Women hadn’t entered the work force as professionals yet, and did most of their own baking and cooking, proudly serving up homemade pies, breads, rolls, cakes, etc., and the handy kitchen canister saw a lot of use. Some sets came with up to 8 or 10 pieces, and when ranged in perfect symmetry from large to small in the kitchen, made quite an impression.
With design and space improvements, time and food saving devices, and the healthier eating habits of nowadays, we might ask if anyone even uses canisters anymore. Have they truly been relegated to the past, or do they have a place on the granite countertops of modern cooks? Have they simply gone out of fashion? As a food storage system, it seems they have, as more, and larger cabinetry has made it possible to tuck staples away (only to fill with the latest kitchen gadgets.) Refrigerators have gotten bigger, and can be considered giant food storage units in themselves, containing and preserving an ever widening group of international foods. Another factor is the two income home, in which women simply don’t have the time to bake as stay at home wives of the past had.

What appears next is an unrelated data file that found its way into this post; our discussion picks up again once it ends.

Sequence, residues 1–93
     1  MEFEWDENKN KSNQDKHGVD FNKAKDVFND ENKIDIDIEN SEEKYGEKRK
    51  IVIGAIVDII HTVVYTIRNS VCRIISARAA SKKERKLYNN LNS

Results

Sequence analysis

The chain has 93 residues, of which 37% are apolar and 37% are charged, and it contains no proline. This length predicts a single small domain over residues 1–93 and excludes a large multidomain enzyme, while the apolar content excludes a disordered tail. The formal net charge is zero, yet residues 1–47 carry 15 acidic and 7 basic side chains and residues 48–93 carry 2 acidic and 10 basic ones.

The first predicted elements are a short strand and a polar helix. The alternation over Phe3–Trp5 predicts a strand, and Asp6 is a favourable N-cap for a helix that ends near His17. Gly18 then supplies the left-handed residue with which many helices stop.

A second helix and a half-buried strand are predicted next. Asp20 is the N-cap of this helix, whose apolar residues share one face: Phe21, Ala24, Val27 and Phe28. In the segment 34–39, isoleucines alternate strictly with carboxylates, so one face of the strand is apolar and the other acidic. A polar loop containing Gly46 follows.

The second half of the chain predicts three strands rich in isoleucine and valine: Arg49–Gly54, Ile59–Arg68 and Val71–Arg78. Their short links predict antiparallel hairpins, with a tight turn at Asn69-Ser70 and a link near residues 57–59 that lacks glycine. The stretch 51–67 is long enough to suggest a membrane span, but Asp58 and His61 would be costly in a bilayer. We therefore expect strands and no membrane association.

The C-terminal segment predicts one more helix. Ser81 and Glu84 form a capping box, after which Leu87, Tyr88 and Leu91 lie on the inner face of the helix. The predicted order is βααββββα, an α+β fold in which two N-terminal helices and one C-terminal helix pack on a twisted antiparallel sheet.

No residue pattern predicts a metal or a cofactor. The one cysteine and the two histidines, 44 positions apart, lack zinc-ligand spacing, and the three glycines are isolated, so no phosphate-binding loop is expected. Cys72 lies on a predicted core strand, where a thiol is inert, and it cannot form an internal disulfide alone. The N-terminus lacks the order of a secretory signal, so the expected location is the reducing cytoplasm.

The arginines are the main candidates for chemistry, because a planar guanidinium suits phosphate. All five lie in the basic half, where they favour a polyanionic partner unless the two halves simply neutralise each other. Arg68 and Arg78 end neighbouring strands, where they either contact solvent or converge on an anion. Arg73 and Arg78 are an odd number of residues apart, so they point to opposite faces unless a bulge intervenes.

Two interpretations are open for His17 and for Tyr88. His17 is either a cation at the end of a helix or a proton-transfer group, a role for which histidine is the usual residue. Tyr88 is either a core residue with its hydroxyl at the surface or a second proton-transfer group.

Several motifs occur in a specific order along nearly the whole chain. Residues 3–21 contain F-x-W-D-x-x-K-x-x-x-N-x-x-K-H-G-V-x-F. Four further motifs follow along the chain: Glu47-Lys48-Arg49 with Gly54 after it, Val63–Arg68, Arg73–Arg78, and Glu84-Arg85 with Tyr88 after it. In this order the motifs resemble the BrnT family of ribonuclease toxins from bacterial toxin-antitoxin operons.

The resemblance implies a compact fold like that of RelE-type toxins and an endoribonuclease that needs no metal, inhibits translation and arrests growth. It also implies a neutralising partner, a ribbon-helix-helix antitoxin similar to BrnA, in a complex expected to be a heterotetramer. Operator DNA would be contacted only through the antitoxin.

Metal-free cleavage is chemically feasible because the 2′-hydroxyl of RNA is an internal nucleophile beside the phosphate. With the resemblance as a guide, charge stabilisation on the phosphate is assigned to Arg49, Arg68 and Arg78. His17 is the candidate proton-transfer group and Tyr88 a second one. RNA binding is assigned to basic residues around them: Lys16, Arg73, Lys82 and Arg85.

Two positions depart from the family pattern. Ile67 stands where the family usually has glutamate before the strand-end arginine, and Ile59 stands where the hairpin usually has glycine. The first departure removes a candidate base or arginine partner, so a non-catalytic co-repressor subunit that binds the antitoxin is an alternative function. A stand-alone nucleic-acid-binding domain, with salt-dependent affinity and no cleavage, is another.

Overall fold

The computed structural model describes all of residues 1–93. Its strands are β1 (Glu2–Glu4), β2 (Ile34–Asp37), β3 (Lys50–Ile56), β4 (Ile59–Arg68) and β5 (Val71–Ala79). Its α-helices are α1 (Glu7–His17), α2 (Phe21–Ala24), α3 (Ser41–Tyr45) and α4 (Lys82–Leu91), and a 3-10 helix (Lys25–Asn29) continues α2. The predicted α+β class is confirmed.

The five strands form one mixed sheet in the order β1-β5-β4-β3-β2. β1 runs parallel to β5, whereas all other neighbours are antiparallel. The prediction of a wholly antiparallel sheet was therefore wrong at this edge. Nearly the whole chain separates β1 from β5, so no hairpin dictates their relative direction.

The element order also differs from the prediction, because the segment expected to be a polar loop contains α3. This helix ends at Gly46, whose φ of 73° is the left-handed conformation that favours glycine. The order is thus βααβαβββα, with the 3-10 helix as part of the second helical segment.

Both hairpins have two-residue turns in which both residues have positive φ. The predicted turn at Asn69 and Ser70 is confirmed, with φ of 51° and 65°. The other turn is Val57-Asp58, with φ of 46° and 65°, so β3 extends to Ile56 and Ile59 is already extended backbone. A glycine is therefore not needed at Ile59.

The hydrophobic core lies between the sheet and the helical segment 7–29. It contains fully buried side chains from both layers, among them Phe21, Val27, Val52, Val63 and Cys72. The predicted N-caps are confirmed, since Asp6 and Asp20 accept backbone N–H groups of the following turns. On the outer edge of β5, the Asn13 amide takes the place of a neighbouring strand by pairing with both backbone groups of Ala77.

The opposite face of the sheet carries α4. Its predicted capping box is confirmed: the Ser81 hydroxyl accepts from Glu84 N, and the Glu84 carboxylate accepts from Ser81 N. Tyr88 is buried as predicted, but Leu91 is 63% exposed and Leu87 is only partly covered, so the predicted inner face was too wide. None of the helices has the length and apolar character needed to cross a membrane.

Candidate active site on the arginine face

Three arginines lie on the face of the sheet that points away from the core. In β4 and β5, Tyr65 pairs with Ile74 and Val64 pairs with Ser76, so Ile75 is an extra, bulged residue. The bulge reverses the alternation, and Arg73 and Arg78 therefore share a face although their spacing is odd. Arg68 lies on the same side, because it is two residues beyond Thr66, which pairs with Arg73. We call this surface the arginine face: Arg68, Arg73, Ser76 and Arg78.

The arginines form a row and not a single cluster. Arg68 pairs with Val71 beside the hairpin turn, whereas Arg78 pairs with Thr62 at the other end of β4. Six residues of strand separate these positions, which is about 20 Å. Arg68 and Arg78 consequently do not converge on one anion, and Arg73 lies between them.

This brings up the interesting question of how cooks kept food safe, sanitary, and fresh through the ages, and of how the home cook came to rely on these useful containers for storing smaller, easier to use amounts of food right on their countertops and at their fingertips!
Food storage containers have been around since the first humans, believe it or not. Cereals such as maize, wheat, and barley have been stored away from people in large buildings off the ground to keep away pests, animals, and vermin. Smaller amounts of essentials were gathered and stored in baskets woven from leaves and grasses. Later, wood boxes, glass and earthenware jars with lids, as well as metal cylinders were put into use to keep out air, moisture, mold, and rodents, thereby ensuring the safety and purity of granular items. Large Greek jars called Pithoi were used to store barley, wheat, lentils, grapes, and of course olive oil and wine.